Somali hostages claim Police, not Foreign Office, appropriate
by Sail-World Cruising round-up on 25 Oct 2011
Kidnapped cruising sailors Paul and Rachel Chandler have put a new spin on the business of assisting cruising sailors after they have been kidnapped by pirates from a country where the rule-of-law has broken down.
Chandlers, back on home turf, speak to the Foreign Affairs Committee .. .
They have made the point that, as they were kidnapped on the high seas not in Somali waters, and lawless Somalia has no diplomats to contact anyway, the police should have been the ones to handle the case of their abduction, not the British Foreign Office.
Paul and Rachel Chandler, who are rebuilding their boat to go sailing again, gave evidence before the Foreign Affairs Committee and have criticised the government for putting the Foreign Office in charge of their case, rather than police.
Giving evidence to MPs, Paul and Rachel Chandler said since police had expertise in handling kidnapping cases they should have been put in charge.
The couple, formerly from Kent but now living in Devon, were seized from their yacht near the Seychelles in 2009.
They said the Foreign Office could only offer 'tea and sympathy' for relatives. The Chandlers were released after being held for more than a year after a ransom of up to £620,000 was reportedly paid.
Since no channels for diplomatic efforts were available in lawless Somalia, which has had no central government for the past 20 years, the Foreign and Commonwealth Office (FCO) could offer little help in securing their release, Mr Chandler said.
'It's disappointment at the fact that the wrong agency was put in charge,' Mr Chandler told the House of Commons Foreign Affairs Committee. 'That was a worry for me at the time in Somalia. They should have advised the family not to speak to the media'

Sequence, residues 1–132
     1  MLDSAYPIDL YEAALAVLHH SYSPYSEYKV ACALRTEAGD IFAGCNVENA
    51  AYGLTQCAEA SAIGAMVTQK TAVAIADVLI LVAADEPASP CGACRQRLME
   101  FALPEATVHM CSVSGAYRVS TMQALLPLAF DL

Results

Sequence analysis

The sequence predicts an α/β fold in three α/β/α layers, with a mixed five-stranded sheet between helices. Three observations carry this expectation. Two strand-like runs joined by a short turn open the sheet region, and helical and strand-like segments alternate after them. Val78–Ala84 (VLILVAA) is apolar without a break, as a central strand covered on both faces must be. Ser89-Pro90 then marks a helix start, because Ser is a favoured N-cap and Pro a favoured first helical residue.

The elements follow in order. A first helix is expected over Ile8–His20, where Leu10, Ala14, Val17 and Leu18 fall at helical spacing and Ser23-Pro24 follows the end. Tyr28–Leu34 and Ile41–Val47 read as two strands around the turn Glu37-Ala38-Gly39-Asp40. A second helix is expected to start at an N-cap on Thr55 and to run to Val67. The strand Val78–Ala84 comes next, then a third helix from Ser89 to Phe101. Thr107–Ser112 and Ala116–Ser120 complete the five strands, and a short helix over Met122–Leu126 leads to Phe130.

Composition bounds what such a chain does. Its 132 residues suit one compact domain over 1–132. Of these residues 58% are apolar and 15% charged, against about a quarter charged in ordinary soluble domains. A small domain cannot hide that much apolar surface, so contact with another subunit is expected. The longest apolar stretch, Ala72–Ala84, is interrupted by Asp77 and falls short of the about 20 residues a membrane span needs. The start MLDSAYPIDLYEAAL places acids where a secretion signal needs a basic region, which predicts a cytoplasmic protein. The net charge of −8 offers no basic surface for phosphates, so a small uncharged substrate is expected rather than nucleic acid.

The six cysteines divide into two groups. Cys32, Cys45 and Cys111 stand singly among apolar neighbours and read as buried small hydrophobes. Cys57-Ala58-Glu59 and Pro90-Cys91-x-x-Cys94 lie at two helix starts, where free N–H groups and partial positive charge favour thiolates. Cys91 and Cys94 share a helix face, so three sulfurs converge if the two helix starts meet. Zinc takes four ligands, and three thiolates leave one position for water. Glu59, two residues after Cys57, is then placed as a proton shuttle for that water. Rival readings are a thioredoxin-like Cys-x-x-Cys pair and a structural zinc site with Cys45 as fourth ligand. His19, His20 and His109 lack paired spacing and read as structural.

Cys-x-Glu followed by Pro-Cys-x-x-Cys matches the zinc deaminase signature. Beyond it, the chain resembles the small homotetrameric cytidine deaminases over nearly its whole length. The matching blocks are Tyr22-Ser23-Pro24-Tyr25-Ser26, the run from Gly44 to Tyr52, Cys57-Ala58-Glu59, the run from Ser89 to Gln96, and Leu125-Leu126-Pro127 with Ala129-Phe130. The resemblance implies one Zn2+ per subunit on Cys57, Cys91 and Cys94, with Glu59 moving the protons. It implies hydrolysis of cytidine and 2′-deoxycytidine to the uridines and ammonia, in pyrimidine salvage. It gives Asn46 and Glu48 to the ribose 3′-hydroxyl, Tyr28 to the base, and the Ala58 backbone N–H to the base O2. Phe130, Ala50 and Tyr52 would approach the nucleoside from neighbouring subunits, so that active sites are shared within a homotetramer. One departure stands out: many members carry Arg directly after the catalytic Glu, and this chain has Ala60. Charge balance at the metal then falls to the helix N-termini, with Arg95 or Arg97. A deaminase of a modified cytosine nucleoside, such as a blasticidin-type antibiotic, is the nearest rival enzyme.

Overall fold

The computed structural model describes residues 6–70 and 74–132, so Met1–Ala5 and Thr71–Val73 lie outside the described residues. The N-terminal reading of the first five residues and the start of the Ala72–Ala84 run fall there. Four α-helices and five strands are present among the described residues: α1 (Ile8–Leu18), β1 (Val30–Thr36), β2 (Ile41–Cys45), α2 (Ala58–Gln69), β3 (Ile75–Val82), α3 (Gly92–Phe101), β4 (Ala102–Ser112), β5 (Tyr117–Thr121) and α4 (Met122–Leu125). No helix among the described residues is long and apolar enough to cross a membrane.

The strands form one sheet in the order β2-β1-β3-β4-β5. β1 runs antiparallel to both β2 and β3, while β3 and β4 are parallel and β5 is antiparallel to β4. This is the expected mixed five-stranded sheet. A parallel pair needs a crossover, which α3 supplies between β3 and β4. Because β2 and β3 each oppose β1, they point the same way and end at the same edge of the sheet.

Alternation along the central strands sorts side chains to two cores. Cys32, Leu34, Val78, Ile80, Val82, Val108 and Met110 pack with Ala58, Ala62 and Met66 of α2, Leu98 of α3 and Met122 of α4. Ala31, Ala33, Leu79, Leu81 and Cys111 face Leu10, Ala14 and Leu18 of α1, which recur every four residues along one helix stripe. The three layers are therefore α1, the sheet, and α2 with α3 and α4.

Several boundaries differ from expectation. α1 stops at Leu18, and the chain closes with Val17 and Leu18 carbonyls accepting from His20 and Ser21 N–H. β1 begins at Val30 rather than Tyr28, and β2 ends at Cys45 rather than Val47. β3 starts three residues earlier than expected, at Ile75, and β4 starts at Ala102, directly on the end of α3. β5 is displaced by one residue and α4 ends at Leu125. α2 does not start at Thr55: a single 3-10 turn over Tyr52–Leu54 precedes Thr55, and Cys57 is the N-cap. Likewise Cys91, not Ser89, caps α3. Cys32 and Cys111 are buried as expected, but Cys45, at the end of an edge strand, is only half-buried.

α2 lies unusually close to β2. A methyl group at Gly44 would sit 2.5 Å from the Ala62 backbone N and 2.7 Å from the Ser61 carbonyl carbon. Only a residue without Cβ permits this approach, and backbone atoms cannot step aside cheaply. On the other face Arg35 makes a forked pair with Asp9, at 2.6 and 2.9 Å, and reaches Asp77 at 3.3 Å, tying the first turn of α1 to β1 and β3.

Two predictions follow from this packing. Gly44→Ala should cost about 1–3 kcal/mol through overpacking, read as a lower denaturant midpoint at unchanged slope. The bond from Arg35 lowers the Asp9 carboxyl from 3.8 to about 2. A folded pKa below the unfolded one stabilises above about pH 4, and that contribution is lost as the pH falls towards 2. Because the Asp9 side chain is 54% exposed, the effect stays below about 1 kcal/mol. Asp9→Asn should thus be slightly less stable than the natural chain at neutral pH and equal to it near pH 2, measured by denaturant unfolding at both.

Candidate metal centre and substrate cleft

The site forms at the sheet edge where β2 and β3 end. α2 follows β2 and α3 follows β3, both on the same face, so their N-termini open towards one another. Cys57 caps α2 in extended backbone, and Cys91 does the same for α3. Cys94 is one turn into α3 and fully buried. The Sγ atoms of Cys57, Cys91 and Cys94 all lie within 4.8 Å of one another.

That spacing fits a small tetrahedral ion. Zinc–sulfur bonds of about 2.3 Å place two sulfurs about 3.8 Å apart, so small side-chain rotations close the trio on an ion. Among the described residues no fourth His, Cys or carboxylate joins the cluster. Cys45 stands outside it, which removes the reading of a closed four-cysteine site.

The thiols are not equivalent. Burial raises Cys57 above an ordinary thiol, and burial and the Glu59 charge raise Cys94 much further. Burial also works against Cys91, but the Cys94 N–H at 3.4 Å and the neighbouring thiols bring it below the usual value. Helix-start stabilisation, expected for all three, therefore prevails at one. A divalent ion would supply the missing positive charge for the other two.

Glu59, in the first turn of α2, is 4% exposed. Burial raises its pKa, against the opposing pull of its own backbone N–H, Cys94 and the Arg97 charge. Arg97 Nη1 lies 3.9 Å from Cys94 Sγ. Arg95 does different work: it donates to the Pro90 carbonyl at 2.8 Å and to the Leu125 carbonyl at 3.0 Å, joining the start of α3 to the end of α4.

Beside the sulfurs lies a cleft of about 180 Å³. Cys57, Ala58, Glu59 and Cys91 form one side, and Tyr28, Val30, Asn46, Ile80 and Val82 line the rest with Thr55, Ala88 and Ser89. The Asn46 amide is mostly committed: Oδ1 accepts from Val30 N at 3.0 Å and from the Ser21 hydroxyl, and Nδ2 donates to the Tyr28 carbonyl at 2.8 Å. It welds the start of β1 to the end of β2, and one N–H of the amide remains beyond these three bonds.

Paul Chandler agreed. 'I said as much in one of my phone calls to Rachel's brother. I said 'for goodness sake - talk to the police not the FCO - and I'm not being critical of the FCO in making that comment because, if you want to know about criminal kidnapping, why would you go to the FCO?'
He said the FCO waited too long before contacting their family after they were taken hostage while sailing from the Seychelles to Tanzania during a round-the-world trip.
By the time officials contacted the family, their plight had been in the public domain for four days, missing a vital window of opportunity to prevent media coverage and improve their chances of a swift release.
'They should have advised the family not to speak to the media, because it is well-known that by far the best thing for hostages is a press blackout.'
The only other advice FCO officials could have given was that there was nothing they could do to help and that they should look for assistance from private sector security experts, he told MPs.
The couple, originally from Tunbridge Wells and now living in Dartmouth, were also critical of FCO efforts to warn British citizens of dangers to their safety through travel advice on its website.
In many parts of the world, internet access is difficult, they said, and suggested that warnings should have been passed on by the British High Commission to the harbour-master in Port Victoria, from where they sailed.
Mrs Chandler said that if they had been warned that there was a high risk of piracy along their intended route south-west from the Seychelles, they would have called off their voyage.
Mrs Chandler made this statement in spite of many communications to Sail-World Cruising by long range cruisers in the same ports with them before their fateful voyage from the Seychelles. As documented by Sail-World Cruising at the time, the couple were warned repeatedly by other cruising sailors that they should not undertake such a journey.
In addition, two yachts from the Seychelles had been hijacked from those waters in the last year, which would have been well-known to the Chandlers, who had been cruising in Seychelles waters for seven months.
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